Pine Island update


I have had to rely on my memory to pass on to you my youthful adventures on a little island near my home in Seaview. I had no photos at the time of the first writings, so I sketched what I remembered. Now, thanks to the Bonney family, formerly of Seaview, I have Pine Island post cards sent to the Bonneys from some of the folks that vacationed and hunted ducks on Pine Island.

c. early to mid 1930s. “The Good Old Days.”

The first Pine Island stories appeared in the Marshfield Mariner “Around Town” column by Kezia

“Mud fights and cookouts on Pine Island”
On the east side of Pine Island was a wooden walkway out to a leg of Broad Creek. At the edge of the creek was a dock, a ladder to a lower landing, and a diving board. The walkways and dock were built mostly from scrap lumber scavenged from the marsh. The camps also were built from mostly salvaged lumber.

Looking east & approaching Pine Island.

A wheelbarrow full of firewood is awaiting to be pushed over the catwalk.

Sunnyside camp.



Photo, compliments of the Bonney Family

As I remember the camps, looking west from the dock.

Painting by Ray.


Duck Hunters posing on the porch of the north camp.


Photo, compliments of the Bonney Family

This is the first camp on the front line facing east.

The lady on the right is fetching water from the pump.


Photo compliments of the Bonney Family.

At low tide, I would have mud fights with the kids staying on the island. The older kids would grind the mud into us!   Every inch was covered in black, slimy mud.  Sometimes we would wait until the tide came in enough to wash off. Other times we would lay near the water pump while another pumped. It took a lot of pumping to clean up, and the water became colder the longer it was pumped. The pumped water on the island was salty and discolored, used only for washing.

This was the catwalk to Broad Creek  At mid-to-high tide, we would dive or jump from the board or off the railing. Full high tide would cover the dock and walkway.   It was a challenge to ride my bike out to the dock, and a bigger challenge to ride back through the water.

My original pencil sketch of Pine Island.

A dory was tied on the south side of the dock. The two men and two older boys would row out through Broad Creek to the clam flats at low tide, dig clams, then go fishing in the river.  Going with the currents ,they would return as the tide came in. There were plenty of flounder, mackerel, cod and haddock in the mouth of the North and South Rivers.

The men would clean the fish on the dock. when I was invited  for a cookout,It  would be a fish fry. I would help with the cooking fire located in a stone circle. Plenty of kindling could be found above the high tide line and firewood was delivered  to the campers, by wheelbarrow!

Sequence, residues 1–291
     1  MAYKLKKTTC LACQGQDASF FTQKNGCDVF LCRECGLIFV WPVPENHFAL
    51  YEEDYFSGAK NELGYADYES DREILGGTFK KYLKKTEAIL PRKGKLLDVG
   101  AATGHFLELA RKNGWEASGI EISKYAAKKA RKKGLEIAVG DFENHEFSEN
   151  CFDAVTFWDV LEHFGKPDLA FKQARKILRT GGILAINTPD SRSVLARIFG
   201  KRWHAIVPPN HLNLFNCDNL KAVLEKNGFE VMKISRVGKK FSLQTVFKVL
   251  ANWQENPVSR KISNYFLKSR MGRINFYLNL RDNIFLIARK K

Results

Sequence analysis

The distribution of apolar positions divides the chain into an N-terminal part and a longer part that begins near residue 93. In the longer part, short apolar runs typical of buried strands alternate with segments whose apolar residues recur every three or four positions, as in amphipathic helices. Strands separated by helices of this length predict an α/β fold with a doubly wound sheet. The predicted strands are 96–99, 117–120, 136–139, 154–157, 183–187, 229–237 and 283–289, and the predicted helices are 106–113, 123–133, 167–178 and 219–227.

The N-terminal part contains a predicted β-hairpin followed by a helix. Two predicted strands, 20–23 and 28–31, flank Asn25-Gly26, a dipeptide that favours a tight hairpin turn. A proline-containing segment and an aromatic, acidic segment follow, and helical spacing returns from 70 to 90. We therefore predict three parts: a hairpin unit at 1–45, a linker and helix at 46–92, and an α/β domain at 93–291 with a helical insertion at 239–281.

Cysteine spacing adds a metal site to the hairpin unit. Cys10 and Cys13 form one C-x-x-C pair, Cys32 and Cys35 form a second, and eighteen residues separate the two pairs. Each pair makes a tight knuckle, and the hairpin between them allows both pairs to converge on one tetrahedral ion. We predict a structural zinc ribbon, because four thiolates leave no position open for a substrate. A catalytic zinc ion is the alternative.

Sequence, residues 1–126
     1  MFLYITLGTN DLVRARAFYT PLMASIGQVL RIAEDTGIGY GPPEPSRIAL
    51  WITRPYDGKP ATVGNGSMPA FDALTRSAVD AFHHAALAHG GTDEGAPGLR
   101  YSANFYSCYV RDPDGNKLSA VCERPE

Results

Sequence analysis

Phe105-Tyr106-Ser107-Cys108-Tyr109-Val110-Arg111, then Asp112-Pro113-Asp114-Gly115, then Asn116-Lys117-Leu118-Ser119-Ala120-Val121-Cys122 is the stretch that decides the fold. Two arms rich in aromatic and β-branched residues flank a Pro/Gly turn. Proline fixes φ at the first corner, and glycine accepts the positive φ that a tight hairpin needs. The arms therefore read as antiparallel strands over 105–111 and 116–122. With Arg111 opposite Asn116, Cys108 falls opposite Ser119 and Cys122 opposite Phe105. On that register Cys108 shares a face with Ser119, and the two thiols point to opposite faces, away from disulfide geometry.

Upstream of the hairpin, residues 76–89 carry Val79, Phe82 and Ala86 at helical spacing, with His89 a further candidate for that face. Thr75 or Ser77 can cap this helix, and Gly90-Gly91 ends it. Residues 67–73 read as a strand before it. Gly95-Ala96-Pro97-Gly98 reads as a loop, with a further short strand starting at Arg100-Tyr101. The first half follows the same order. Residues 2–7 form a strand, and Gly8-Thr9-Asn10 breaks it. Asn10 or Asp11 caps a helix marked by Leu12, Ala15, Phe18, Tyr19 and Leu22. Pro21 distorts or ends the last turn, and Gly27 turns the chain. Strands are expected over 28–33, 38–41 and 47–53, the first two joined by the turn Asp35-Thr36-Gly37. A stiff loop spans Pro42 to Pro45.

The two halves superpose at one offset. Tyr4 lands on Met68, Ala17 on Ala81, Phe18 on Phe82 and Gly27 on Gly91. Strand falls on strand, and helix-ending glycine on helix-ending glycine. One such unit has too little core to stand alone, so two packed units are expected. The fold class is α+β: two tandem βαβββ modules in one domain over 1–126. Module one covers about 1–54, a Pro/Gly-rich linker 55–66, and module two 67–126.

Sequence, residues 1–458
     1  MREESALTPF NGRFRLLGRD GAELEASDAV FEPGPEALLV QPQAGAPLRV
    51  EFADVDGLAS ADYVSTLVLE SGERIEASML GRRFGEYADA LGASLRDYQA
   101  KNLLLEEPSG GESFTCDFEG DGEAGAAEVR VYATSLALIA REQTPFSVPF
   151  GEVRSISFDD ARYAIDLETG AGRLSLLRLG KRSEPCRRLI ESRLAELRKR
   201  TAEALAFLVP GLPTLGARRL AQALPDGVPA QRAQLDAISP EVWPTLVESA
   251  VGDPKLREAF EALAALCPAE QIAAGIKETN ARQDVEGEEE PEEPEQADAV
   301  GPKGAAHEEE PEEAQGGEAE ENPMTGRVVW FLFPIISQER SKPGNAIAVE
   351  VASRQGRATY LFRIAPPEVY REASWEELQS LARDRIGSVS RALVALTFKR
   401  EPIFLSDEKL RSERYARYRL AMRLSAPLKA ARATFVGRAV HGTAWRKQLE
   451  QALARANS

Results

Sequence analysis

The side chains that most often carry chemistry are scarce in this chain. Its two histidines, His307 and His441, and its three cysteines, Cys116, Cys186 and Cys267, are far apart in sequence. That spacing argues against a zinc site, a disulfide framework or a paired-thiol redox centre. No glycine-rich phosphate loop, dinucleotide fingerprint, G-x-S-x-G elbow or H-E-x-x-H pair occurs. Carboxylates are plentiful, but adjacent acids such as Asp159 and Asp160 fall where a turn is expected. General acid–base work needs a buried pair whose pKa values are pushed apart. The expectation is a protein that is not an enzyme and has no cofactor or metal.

”Mom” on the right was Mrs. Wm Bonney [ Agnes].  Julia was a camp owner.


Photo, compliments of the Bonney Family.

There was a steel cook plate across half of the firepit. The men filleted the flounder; the women rolled them in cornmeal, and three of us kids kept the fire going. On went the flounder, mackerel and hot dogs. Mmmm, was that flounder good! I would have no part of mackerel! The haddock and cod were saved for fish chowder.

Showing off a nice flounder.

Photo, Compliments of the Bonney Family.


This is the north camp. after dark we would retreat from the mosquitoes. We would play checkers & sometimes Monopoly.


Photo, compliments of the Bonney Family.


Pine Island after people.


             Photo, compliments of  Tony Lambert.


Many thanks to Lawrence “Larry” Bonney & family, formerly of Seaview.



“There’s no place like camp.
I wish I could stay forever!”
– Unknown

W. Ray Freden, Matshfield/Seaview, 70 years.

3 Replies to “Pine Island update”

  1. Oh my gosh!!!!! This is fantastic!!!! Julia smith is mrs weshrob of seaview I would imagine!!
    We played out there all the time and what was left was abandoned then…I remember the walkway…but no must have been fabulous in its day!

  2. I grew up on Bayberry Point now Cedar Acres Rd and my house was next to the marsh and very near Pine Island, in the ‘60s. I would walk out in the marsh and to Pine Island all the time~ loved that marsh and island~~ the marsh especially was my home and family~~ there was just one small cottage as I remember them and no one ever seemed to be there… very fascinating what you have written about a sacred place to me and my childhood~~

    1. Hi Melissa, Your Bayberry Point and the Historical, official Bayberry Point are 2 different places, Yours is the residences reference to the shore area of Cedar Acres Rd. I think it was originally called Bayberry Point by the developer but had to change it because of the established Bayberry Shores/Point and Bayberry Rd. off Ferry St, to the Julian St. Bridge including Ridge Rd.

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